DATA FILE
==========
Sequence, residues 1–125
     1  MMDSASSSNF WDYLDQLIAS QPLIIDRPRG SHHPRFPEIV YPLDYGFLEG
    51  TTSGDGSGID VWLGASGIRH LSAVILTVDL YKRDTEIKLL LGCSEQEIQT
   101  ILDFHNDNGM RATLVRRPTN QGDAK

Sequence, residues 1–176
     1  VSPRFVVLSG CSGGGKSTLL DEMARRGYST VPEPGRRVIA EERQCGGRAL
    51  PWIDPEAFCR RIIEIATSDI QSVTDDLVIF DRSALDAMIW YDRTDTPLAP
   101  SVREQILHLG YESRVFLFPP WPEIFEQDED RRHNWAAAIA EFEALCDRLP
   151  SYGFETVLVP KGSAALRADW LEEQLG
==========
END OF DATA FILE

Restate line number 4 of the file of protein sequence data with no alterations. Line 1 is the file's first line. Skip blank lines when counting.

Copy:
   101  ILDFHNDNGM RATLVRRPTN QGDAK